Alan yentob

Roy Strong’s towering egotism is really rather engaging

There is nothing wrong with being self-invented. The most interesting people in the world designed themselves. And in this matter Roy Strong, once upon a time the director of the Victoria & Albert Museum and National Portrait Gallery, can offer a master class. He has discovered the mines of self-invention to be very deep and richly seamed with treasure. This is no less than his third bulky volume of diaries, and readers have been generously treated to autobiographies as well. While convinced that a scheming Alan Yentob conspired to keep him off the telly for more than 30 years, Roy, with his singular voice, is a national asset, recognisable from


Alan Yentob steps down as BBC creative director (but keeps his £150,000 TV gig)

Alan Yentob has dramatically quit his £183,300 per year creative director role at the BBC. Today’s decision comes after Yentob became the subject of intense scrutiny in recent months regarding the BBC’s coverage of the Kids Company scandal. In a statement, Yentob – who was the chairman of Kids Company – explains his decision to leave, citing the Kids Company scandal — which The Spectator were the first to cast light on — as a contributing factor: ‘The BBC is going through particularly challenging times and I have come to believe that the speculation about Kids Company and the media coverage revolving around my role is proving a serious distraction.’ However, it’s not all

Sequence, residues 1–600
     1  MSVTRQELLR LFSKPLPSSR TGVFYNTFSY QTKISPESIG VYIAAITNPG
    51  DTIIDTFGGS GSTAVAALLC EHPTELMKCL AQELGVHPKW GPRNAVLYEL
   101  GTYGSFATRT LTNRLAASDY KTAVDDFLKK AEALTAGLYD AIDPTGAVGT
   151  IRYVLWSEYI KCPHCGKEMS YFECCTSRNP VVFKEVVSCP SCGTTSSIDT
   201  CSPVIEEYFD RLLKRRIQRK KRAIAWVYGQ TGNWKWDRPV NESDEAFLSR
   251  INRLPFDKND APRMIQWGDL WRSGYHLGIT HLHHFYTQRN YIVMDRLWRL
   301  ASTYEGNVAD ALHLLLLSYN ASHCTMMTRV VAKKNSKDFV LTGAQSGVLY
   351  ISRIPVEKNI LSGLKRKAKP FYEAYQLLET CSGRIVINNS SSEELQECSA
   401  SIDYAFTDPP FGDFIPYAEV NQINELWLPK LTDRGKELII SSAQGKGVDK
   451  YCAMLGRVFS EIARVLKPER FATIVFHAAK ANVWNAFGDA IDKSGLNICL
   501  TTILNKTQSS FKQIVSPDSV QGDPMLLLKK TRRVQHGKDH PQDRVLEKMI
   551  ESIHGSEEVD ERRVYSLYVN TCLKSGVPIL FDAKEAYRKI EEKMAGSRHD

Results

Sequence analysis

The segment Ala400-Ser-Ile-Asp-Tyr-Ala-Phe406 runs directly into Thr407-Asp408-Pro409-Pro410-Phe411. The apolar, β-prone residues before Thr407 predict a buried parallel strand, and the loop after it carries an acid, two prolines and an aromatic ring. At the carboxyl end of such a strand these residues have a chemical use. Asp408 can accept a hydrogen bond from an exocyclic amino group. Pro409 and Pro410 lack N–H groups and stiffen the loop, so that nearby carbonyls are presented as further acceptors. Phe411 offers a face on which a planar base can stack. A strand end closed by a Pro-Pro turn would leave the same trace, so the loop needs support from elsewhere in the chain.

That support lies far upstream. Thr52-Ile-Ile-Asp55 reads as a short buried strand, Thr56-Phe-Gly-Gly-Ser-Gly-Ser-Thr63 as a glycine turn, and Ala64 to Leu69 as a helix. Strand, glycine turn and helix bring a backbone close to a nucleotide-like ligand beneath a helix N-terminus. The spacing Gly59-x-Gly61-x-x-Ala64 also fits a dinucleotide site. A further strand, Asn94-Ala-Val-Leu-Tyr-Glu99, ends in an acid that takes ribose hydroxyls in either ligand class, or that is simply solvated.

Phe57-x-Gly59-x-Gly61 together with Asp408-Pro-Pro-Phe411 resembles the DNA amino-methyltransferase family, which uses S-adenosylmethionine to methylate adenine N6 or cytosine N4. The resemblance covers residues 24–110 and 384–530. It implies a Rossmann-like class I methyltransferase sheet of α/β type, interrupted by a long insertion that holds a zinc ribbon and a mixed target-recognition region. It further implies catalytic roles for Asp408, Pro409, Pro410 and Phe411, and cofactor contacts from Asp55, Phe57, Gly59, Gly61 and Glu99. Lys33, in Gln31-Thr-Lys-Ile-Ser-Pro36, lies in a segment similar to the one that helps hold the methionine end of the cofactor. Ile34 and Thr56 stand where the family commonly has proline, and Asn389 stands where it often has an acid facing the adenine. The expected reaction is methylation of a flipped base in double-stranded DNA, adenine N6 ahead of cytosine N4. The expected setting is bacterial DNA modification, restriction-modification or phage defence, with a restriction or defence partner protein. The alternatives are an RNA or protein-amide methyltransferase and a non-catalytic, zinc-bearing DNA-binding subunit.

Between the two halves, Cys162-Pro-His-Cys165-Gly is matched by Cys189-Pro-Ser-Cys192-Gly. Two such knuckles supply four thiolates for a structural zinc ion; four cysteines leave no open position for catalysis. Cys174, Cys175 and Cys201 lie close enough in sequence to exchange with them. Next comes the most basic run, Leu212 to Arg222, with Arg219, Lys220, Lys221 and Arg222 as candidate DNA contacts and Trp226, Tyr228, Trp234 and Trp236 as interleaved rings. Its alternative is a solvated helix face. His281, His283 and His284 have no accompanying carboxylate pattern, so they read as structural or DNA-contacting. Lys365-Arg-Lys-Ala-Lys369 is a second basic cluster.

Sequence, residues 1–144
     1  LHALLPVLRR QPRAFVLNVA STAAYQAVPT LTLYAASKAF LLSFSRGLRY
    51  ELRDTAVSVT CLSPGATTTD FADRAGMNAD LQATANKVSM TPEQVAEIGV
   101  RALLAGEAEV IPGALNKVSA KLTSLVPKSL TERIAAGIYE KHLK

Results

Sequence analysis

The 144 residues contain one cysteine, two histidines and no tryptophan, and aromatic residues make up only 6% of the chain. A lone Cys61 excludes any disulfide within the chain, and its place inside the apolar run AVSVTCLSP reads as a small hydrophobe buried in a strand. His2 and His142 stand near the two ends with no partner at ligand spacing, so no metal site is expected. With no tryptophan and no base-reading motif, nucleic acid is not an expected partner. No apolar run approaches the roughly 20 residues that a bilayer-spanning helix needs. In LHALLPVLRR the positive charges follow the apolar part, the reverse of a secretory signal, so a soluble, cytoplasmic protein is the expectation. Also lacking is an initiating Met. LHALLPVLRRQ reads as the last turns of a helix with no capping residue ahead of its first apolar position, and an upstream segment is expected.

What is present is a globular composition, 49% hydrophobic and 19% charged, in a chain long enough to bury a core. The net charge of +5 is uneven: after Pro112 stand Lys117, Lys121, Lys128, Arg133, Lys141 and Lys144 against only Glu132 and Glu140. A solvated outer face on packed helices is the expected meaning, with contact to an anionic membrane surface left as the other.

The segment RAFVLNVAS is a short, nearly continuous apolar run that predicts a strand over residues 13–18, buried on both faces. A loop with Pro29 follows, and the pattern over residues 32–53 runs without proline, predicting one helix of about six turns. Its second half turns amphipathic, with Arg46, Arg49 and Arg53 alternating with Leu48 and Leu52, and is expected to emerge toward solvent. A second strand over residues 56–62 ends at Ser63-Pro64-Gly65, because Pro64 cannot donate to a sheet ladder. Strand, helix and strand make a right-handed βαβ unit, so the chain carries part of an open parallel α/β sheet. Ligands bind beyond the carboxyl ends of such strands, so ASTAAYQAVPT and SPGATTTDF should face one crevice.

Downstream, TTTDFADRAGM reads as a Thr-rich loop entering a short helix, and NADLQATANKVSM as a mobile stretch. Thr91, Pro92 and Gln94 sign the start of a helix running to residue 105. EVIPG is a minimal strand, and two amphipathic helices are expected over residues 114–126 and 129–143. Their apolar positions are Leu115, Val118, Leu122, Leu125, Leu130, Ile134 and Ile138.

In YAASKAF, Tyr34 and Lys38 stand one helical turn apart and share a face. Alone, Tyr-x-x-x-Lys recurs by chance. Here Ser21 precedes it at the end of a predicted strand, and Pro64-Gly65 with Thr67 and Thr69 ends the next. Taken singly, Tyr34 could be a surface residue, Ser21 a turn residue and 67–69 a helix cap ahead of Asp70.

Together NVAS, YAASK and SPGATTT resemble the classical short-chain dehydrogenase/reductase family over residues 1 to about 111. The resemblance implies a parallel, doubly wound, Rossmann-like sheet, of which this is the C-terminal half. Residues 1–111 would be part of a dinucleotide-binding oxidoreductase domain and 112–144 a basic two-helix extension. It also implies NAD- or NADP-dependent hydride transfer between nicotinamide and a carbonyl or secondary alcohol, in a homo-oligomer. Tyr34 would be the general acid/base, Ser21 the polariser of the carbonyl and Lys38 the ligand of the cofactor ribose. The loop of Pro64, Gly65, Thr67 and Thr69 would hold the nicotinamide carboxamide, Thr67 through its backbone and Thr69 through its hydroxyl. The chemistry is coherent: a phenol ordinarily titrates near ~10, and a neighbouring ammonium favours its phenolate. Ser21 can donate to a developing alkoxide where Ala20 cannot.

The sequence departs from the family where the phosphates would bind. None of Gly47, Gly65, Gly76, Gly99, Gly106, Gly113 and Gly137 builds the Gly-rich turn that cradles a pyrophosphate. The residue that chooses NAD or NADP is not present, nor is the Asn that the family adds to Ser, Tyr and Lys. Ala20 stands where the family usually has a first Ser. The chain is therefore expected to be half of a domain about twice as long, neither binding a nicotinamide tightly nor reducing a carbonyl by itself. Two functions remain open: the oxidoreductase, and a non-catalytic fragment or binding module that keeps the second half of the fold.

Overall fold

BBC1’s Kids Company ‘expose’ was nothing of the sort

To her supporters, Camila Batmanghelidjh is a deeply caring woman whose charity Kids Company was cruelly extinguished last summer thanks to unfair press speculation about its finances which later turned into a fully-blown media witch-hunt. To those of us who know our way around the Kids Company story, Camila Batmanghelidjh is certainly deeply caring, but the person she appears to care most deeply about is herself. Exhibit A: Lynn Alleway’s fly-on-the-wall film (‘Camila’s Kids Company: the Inside Story’) broadcast on BBC1 last night. In it, Batmanghelidjh didn’t bother to mask her love for the camera. She lapped up the attention Alleway showed her, never happier than when providing a running